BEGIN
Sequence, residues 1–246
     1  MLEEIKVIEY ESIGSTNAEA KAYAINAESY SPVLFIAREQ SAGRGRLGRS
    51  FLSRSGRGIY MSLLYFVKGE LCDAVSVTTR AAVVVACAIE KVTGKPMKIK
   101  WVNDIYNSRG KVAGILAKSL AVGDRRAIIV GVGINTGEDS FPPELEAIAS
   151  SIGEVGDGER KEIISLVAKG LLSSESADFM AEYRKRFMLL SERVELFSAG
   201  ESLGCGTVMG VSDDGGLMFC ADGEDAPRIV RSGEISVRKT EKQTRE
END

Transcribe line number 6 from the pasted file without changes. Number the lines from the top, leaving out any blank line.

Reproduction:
   201  ESLGCGTVMG VSDDGGLMFC ADGEDAPRIV RSGEISVRKT EKQTRE